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What is a Reflex?

What You Never Thought About

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Updated April 13, 2012

Written or reviewed by a board-certified physician. See About.com's Medical Review Board.

What is a Reflex?

A doctor checks a patient's knee-jerk reflex.

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Most of us take a lot of what the body does for us for granted. That’s a good thing. It would be extremely difficult to comprehend every tiny movement we made. We could never focus on anything else.

As you read this, subtle readjustments are constantly being made between the muscles of your spine and torso to keep you in balance. Your eyes make tiny readjustments for every shift of your head. Your pupils dilate appropriately to adjust to the level of light and to focus on what’s in front of you. When you swallow, your throat automatically closes off the airway to prevent saliva from going down the wrong tube. Each breath you take automatically readjusts to provide the right balance of oxygen and carbon dioxide in your blood, as well as taking deeper breaths now and then to keep the lungs open.

These are just a few examples of the automatic responses that keep us functioning every day. Most of the functions that are critical for life are outside of our conscious control, probably so that we can’t consciously do something to mess around with it. Instead, these functions are governed by reflexes. A reflex is a relatively simple (but critical) way to relay information that never reaches conscious awareness.

The most familiar reflex is the patellar reflex, in which the knee jerks when a doctor taps it with a hammer. While this is considered a simple reflex, many pages could be filled exploring the technical details. Briefly, though, what you see is the body’s automatic attempt to correct for an imbalance that could otherwise cause it to fall over. A muscle is stretched by the hammer hitting a tendon, and an electrical signal is sent to the spinal cord, which sends out a signal to tense the muscle to return it to its proper length. The result is a brief jerking motion, and the knee kicks out.

At the same time, an electrical signal is sent to the opposing muscles in the hamstring in order to tell these muscles to relax so that they don’t interfere with the leg’s straightening. No electrical signal ever needs to reach the brain for this reflex to occur.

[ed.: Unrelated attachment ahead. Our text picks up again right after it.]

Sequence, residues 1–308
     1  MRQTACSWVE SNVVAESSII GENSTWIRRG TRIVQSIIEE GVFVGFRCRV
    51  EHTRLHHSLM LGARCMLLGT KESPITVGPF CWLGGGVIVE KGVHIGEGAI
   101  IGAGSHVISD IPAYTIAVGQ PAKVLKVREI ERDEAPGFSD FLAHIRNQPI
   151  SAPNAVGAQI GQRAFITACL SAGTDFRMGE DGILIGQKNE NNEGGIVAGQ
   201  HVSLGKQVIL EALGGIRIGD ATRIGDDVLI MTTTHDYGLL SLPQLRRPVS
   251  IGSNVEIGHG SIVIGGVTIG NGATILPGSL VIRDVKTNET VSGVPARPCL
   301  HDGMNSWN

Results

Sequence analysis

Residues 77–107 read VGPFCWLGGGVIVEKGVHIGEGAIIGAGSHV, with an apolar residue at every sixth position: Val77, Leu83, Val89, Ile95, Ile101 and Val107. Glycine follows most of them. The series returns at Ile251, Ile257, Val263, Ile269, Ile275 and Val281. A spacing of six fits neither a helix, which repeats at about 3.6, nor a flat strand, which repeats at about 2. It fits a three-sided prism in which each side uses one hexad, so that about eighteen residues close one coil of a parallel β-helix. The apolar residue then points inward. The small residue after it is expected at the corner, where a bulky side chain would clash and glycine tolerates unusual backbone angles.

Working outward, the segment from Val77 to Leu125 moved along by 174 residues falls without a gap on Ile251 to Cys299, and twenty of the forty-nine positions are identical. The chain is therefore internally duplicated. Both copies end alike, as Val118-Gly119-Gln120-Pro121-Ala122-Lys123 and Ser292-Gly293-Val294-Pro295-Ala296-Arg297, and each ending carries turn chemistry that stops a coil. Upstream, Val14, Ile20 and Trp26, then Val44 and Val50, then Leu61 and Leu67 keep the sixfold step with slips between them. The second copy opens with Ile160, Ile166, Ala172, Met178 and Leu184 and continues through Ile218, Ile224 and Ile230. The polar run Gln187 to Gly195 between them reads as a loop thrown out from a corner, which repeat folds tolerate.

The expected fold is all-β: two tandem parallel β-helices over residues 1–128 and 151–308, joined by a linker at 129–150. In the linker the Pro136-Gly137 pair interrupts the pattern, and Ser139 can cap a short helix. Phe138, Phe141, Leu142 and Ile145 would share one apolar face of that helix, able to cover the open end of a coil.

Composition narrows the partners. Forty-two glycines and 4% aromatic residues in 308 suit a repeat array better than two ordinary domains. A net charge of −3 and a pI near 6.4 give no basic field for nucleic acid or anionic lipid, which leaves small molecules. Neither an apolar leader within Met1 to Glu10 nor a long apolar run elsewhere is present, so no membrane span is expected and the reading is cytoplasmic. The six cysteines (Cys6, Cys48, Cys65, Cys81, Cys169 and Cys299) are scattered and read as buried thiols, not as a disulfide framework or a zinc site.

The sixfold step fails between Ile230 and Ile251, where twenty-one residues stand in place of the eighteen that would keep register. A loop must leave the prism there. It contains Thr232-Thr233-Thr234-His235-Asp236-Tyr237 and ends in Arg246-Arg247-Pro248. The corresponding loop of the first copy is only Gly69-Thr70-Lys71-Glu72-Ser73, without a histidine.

Neurologists use different reflexes to see how different parts of the nervous system are functioning. For example, for the knee jerk reflex to work, the nerves to and from the muscle must be intact, and the spinal cord needs to be working at that level. Similarly, a brainstem reflex, such as the pupils constricting to light, can help a neurologist know that the brainstem is working properly.

Furthermore, reflexes are moderated by many other things in the body. For example, the brain usually sends impulses down the spinal cord that keeps reflexes like the knee jerk relatively calm. After a stroke or other injury to the brain, the calming influence on the reflex is slowly lost, and this results in reflexes being hyperactive. One of the reasons neurologists check reflexes is to see if there is an imbalance between the left and right sides, which can be a clue to damage to the brain or spinal cord.

Sometimes a reflex can look a lot like conscious behavior. For example, in the “triple flexion” reflex, the knee, hip, and foot flex in such a way that the leg withdraws when a painful stimulus is applied. This can happen even if an electrical signal never reaches the brain -- it can be completely orchestrated by the spinal cord. It’s important to distinguish between a reflex and intentional movement in cases of coma or altered consciousness.

Not knowing everything that reflexes do for us saves us a lot of trouble in day-to-day life. However, knowing about reflexes and how to test for them can shed a lot of light on how the nervous system works and where the problem lies in a nervous system disorder.

Sources:

Hal Blumenfeld, Neuroanatomy through Clinical Cases. Sunderland: Sinauer Associates Publishers 2002

AH Ropper, Samuels MA. Adams and Victor's Principles of Neurology, 9th ed: The McGraw-Hill Companies, Inc., 2009.

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